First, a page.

Using the KeyedCollection object in C# .NET

The abstract generic KeyedCollection object can be used to declare which field of your custom object to use as a key in a Dictionary. It provides sort of a short-cut where you’d want to organise your objects in a Dictionary by an attribute of that object.

Let’s take the following object as an example:

public class CloudServer
{
	public string CloudProvider { get; set; }
	public string ImageId { get; set; }
	public string Size { get; set; }
}

The Image IDs are always unique so the ImageId property seems to be a good candidate for a dictionary key.

Here’s an example:

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Getting notified when collection changes with ObservableCollection in C# .NET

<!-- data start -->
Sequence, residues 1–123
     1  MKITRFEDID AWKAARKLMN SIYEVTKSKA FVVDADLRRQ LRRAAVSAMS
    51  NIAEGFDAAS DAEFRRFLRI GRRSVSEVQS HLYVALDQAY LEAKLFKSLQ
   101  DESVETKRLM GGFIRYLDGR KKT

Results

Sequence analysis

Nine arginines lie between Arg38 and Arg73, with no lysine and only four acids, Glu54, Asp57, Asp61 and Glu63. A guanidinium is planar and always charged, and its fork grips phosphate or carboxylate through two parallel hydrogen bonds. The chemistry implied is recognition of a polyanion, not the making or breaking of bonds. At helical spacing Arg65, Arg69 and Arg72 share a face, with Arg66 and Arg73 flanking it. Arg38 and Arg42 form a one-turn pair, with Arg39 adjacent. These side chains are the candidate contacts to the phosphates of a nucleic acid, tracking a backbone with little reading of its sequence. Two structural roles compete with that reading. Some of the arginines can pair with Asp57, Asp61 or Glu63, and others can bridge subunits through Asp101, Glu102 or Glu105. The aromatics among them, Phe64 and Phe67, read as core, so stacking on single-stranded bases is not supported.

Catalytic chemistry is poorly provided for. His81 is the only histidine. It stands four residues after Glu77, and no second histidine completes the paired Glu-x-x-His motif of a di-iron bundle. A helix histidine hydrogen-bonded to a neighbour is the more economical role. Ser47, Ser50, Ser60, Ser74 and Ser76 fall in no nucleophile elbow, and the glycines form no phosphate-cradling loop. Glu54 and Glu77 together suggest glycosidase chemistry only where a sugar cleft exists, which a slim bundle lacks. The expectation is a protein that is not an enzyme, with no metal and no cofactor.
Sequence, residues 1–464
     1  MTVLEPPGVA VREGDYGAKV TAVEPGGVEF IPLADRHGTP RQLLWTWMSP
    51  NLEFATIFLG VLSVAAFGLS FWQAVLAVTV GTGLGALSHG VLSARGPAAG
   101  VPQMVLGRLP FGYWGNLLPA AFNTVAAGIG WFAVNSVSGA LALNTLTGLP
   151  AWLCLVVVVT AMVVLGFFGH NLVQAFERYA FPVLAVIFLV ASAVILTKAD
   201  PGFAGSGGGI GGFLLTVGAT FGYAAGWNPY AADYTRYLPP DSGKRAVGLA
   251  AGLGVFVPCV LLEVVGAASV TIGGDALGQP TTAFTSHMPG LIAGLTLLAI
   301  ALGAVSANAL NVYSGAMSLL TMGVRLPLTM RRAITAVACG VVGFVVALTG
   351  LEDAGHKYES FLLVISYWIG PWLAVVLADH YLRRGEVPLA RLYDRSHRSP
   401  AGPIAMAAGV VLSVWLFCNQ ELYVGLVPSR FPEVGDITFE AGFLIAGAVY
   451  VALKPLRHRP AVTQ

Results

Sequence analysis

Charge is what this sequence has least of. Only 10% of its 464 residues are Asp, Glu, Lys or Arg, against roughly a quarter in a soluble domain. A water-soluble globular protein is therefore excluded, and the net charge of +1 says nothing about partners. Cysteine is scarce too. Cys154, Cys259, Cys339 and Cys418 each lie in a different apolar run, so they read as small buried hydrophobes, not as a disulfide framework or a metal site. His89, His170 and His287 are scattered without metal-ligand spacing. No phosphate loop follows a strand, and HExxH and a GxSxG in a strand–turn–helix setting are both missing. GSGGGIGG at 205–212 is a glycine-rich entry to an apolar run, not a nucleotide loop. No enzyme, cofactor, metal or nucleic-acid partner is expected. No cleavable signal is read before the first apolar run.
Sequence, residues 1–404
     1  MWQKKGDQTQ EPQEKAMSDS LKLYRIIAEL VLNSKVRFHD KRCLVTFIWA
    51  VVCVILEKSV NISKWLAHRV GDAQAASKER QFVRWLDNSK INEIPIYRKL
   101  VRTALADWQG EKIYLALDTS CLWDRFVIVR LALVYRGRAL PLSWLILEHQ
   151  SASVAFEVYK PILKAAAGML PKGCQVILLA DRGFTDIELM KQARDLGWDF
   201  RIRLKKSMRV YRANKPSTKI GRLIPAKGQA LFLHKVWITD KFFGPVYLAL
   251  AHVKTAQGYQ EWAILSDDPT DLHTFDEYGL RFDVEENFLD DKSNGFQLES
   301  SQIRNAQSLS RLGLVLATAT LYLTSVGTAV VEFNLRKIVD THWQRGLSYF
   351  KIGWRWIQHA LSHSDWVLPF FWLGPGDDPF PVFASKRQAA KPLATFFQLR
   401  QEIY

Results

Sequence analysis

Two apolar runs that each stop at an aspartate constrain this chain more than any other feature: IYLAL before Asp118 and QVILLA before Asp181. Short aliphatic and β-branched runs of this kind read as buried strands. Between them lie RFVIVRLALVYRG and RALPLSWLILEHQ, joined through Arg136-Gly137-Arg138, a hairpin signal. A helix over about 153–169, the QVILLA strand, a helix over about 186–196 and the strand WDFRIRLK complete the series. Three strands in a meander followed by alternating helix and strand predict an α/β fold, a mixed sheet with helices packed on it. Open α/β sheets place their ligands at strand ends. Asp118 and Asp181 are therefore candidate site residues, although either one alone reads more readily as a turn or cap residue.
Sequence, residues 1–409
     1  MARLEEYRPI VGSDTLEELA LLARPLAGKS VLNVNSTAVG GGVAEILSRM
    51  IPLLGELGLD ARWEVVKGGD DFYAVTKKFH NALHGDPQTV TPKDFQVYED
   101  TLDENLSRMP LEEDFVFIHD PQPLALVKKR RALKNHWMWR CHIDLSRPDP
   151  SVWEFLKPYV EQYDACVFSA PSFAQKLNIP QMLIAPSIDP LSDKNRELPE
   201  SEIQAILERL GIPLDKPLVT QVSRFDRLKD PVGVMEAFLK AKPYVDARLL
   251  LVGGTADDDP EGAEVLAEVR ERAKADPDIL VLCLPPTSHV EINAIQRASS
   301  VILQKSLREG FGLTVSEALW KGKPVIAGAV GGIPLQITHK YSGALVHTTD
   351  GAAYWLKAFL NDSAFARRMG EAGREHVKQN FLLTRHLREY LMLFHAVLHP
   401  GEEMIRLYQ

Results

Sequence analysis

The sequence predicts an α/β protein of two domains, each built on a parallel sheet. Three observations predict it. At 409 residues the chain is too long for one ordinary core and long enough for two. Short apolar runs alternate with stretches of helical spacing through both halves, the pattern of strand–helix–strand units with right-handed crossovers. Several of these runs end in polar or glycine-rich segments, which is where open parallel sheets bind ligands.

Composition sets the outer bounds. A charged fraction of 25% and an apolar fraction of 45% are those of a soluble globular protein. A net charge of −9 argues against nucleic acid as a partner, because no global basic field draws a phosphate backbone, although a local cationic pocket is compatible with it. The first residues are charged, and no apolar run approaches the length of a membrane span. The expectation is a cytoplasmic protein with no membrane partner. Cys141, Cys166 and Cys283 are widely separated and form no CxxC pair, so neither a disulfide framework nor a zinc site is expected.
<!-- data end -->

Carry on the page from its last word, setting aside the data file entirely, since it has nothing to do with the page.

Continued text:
Imagine that you’d like to be notified when something is changed in a collection, e.g. an item is added or removed. One possible solution is to use the built-in .NET generic collection type ObservableCollection of T which is located in the System.Collections.ObjectModel namespace. The ObservableCollection object has an event called CollectionChanged. You can hook up an event handler to be notified of the changes.

If you don’t know what events, event handlers and delegates mean then start here.

Let’s see a simple example with a collection of strings:

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Customise your list by overriding Collection of T with C# .NET